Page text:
The instructions clear in her mind, My Lady reached into her bag, drew out a bottle of dark green glass and removed its stopper. She poured half the contents over the handkerchief and the remainder across the bindrune. Sealed with muneblood, nothing could unbind these runes: cut the tree down, burn it, scatter the ashes, the runes had summoned the curse. She would be the vessel of the curse, the poisoned cup, she would pass it to the one who betrayed her, and in time, he would pass it to his firstborn son. An innocent would suffer but she was blind to that, she thought only that the guilty must suffer for the hurt he caused. A hollow scraped between the roots, My Lady buried the handkerchief with its fragments of bark concealed within.
The act was irredeemable as murder and perhaps she was aware of this as she gathered the book and the now empty bottle into her bag; by removing her tools from sight she was also one part removed from what they had made, and she would hide that also, hide the mark upon the tree. Working quickly now, she scribed Mann, the holly rune above the bindrune and Beorc, the concealment rune, below, whereupon the marks faded to leave only a dark stain on the trunk. She had chosen the tree with care. Its roots tunnelled into a crack in the rock, drawing strength from the purest form of earth and each green spike of leaf wove power from the wind. She stood at the edge of the cliff and held to its branches. The ground below called to her, its song a lullaby, an enchantment that offered perpetual sleep, but she would not give it satisfaction, not yet. Clouds hung grey and violet against the azure of the evening and overhead the first stars disturbed the heavens. The crows had ceased their chatter and settled for the night and from a square down in the city My Lady heard a band playing marching music: either Napoleon’s Retreat, or Hussar’s Hurrah; the tune came to her in fragments. At one moment it would clearly be one, then a moment later the other. Its foolish rhythm and discordant horns made her smile even though her heart wanted silence.
Later, when the sky had darkened to a violent bruise of yellow, plum and dried blood, and the Minster bell tolled nine and the band returned to their barracks, My Lady’s thoughts turned to leaving. Though she carried me in her breast, she felt as though a weight had lifted from her or that she had climbed to a great height and from it seen the farther view, and thought it sweet. She knew the path home even in the dark, but doubted she would need the knowledge again. She could not see herself returning to this place, not ever and her back turned upon the sunset, she walked into the darkling wood.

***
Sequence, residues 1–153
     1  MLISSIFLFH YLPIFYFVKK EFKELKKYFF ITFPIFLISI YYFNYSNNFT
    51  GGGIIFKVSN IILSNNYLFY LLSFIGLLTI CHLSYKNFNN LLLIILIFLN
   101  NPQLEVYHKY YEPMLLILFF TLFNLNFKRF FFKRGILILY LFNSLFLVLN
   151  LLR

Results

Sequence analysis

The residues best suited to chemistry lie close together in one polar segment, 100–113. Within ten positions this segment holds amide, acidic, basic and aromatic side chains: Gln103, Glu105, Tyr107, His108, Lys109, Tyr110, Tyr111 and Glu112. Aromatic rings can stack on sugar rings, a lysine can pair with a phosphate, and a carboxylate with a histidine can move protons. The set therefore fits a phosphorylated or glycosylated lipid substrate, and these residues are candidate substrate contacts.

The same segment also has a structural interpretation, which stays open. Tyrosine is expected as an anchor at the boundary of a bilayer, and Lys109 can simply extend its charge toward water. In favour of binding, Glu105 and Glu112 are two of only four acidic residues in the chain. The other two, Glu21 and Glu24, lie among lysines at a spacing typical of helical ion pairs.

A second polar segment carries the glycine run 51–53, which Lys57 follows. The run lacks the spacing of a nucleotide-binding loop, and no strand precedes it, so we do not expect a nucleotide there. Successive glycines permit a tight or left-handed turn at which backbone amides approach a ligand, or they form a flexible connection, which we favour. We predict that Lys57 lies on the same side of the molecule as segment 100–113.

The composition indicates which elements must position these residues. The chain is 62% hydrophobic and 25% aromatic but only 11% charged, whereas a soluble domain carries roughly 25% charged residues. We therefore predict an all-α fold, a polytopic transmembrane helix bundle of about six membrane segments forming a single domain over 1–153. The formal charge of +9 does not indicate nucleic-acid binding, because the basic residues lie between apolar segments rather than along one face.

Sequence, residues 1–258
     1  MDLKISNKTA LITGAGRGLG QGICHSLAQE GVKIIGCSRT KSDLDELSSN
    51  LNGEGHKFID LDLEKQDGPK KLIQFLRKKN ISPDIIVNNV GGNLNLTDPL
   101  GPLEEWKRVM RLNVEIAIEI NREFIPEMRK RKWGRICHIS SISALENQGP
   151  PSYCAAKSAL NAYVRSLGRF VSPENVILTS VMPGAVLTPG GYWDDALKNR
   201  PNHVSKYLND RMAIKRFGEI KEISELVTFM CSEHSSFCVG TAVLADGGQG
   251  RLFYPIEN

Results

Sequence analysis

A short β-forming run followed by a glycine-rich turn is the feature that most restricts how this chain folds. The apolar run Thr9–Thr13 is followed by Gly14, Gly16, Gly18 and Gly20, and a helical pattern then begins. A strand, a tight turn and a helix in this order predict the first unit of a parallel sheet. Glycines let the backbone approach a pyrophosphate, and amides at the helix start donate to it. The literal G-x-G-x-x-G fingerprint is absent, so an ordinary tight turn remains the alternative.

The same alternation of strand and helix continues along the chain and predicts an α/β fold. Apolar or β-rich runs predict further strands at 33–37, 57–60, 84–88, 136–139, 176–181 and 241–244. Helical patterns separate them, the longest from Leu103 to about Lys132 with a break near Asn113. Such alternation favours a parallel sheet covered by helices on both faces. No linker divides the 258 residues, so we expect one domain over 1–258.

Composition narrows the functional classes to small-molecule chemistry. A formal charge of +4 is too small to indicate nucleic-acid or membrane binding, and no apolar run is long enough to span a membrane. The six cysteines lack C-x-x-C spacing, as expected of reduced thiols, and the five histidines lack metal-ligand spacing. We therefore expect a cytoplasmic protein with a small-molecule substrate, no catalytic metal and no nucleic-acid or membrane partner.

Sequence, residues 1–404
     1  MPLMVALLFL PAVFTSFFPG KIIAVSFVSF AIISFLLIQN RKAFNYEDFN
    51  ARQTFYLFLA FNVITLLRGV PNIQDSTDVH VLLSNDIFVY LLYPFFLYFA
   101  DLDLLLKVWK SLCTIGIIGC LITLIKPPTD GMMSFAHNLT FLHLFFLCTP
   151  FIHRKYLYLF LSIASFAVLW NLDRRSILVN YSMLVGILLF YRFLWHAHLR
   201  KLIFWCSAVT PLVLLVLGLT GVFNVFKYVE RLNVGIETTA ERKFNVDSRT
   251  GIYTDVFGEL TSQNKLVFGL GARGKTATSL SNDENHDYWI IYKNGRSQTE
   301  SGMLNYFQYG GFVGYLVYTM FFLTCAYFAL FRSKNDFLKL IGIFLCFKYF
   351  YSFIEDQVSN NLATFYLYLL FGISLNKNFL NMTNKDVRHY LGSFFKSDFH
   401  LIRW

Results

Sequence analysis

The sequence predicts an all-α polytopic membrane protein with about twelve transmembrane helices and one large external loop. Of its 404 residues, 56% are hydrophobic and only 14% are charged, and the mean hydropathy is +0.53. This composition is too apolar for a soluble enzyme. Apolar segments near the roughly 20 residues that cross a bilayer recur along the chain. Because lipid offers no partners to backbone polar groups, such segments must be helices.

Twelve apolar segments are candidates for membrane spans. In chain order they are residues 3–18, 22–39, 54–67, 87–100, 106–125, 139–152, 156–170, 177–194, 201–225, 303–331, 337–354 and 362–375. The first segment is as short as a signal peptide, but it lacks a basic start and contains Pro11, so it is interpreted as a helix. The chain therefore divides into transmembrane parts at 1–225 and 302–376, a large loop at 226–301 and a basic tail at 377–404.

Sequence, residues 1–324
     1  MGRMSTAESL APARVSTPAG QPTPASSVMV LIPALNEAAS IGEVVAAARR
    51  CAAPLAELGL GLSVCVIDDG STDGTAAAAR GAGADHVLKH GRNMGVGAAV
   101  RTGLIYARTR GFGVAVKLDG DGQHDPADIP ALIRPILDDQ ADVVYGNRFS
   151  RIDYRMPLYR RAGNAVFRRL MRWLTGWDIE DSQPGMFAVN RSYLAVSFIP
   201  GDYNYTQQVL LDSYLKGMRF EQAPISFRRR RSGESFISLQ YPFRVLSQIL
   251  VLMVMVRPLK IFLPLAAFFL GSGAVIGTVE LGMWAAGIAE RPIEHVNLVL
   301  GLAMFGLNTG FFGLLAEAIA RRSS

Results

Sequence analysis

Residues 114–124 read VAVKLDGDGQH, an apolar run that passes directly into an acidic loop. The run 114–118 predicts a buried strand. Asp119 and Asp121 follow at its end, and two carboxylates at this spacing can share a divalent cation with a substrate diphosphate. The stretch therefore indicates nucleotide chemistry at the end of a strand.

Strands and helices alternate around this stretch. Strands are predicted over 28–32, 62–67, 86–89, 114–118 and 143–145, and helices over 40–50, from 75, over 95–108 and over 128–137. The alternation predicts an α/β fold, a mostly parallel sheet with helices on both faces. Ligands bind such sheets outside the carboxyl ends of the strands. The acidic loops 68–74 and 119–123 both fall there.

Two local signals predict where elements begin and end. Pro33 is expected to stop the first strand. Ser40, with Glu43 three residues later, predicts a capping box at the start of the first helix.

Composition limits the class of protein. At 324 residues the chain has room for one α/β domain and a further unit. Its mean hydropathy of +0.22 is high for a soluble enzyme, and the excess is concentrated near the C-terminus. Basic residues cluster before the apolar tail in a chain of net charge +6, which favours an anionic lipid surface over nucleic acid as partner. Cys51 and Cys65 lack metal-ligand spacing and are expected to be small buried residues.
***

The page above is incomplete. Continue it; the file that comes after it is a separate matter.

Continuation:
What my lady made of the remainder of her life need not detain us now. I am what she summoned from wind and stone; a curse laid upon an innocent son. In part this story is the story of that son and in lesser part it is the story of the many whom I searched among for one I might bless and thereby end my miserable, misbegotten existence. But above all, this story is mine and if I choose to share it, it is on my terms…
◊ ◊ ◊
©Tamburlaine Bryce MacGregor and Nevil Warbrook
 The book MacGregor describes appears typical of the many cheap (though no less effective in the wrong hands) magickal texts that widely circulated in the early nineteenth century. A discerning collector of magickal texts, or grimoires, MacGregor owned a pair of thirteenth century copies of the Seventh and Eighth Book of Moses, a Greek anothem, (the so-called ‘prologue to the Book of Genesis’ now regarded as a ninth century fake) papyri fragments in Samaritan and Aramaic and an early sixteenth century collection of volkskunde (a precursor to folklore) thought to have been transcribed by a young Martin Luther during his years at Erfurt University. Editor
 It is a common misconception that when engraving marks of power only the finished article is significant while the part cut away is mere waste. In fact, the matter removed is of equal and diametrically opposite power and must be disposed of with care. Editor